Cholestasis is an impairment of bile formation/flow at the level of the hepatocyte and/or cholangiocyte. The first, and for the moment, most established medical treatment is the natural bile acid (BA) ursodeoxycholic acid (UDCA). This secretagogue improves, e.g. in intrahepatic cholestasis of pregnancy or early stage primary biliary cirrhosis, impaired hepatocellular and cholangiocellular bile formation mainly by complex post-transcriptional mechanisms. The limited efficacy of UDCA in various cholestatic conditions urges for development of novel therapeutic approaches. These include nuclear and membrane receptor agonists and BA derivatives. The nuclear receptors farnesoid X receptor (FXR), retinoid X receptor (RXR), peroxisome proliferator-activated receptor α (PPARα), and pregnane X receptor (PXR) are transcriptional modifiers of bile formation and at present are under investigation as promising targets for therapeutic interventions in cholestatic disorders. The membrane receptors fibroblast growth factor receptor 4 (FGFR4) and apical sodium BA transporter (ASBT) deserve attention as additional therapeutic targets, as does the potential therapeutic agent norUDCA, a 23-C homologue of UDCA. Here, we provide an overview on established and future promising therapeutic agents and their potential molecular mechanisms and sites of action in cholestatic diseases.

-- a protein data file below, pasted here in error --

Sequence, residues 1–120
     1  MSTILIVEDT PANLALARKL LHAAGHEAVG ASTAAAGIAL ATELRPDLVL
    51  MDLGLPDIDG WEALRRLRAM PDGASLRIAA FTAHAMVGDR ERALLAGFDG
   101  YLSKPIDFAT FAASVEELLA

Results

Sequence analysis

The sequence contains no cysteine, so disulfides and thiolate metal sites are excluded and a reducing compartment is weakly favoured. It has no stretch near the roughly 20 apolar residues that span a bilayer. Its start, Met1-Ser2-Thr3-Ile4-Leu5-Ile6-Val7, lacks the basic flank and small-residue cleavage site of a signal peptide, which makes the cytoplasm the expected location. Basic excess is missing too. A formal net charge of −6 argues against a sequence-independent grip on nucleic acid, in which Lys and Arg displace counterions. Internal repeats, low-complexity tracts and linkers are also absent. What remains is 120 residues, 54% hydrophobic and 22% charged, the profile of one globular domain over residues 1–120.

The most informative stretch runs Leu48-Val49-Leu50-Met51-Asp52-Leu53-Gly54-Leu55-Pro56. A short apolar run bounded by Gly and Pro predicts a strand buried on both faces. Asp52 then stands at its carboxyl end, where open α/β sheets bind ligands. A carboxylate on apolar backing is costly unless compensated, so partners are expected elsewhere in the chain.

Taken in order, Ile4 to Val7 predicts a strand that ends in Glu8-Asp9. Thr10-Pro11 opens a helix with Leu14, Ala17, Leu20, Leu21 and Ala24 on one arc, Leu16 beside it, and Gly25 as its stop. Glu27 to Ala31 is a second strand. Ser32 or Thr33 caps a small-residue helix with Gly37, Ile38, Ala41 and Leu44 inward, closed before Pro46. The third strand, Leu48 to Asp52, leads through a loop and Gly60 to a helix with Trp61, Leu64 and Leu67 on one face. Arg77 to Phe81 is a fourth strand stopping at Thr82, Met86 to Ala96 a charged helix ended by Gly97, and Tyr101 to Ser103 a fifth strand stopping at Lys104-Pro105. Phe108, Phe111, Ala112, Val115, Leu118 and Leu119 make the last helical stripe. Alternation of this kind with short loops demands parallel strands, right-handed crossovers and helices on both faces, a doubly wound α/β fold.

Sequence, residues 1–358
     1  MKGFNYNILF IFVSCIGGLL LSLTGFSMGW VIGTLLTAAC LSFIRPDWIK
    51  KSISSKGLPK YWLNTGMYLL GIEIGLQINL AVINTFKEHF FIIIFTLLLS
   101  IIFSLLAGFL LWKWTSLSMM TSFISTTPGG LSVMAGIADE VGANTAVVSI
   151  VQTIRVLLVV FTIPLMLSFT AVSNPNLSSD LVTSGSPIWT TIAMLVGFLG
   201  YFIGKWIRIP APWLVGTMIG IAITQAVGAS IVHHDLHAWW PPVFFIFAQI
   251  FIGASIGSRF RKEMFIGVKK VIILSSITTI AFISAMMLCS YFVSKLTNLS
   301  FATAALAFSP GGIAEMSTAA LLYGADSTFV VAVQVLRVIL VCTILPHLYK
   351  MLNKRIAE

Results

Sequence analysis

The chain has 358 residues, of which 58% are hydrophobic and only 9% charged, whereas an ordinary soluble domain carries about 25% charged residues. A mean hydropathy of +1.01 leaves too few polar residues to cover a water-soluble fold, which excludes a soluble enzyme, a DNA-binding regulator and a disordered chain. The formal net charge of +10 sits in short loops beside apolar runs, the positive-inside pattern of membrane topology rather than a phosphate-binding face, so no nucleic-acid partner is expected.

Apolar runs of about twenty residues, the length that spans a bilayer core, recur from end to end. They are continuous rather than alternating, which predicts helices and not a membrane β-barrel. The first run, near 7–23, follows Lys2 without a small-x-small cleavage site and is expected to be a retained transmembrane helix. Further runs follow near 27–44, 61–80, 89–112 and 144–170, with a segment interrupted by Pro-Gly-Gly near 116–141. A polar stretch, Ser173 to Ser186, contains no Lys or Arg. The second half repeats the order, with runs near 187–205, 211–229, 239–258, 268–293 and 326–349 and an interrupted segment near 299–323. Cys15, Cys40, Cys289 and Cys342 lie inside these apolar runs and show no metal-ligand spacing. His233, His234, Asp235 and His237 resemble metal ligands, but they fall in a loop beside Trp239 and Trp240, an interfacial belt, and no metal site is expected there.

Keywords: Cholestasis; FXR; PXR; UDCA.
Copyright © 2015 European Association for the Study of the Liver. Published by Elsevier B.V. All rights reserved.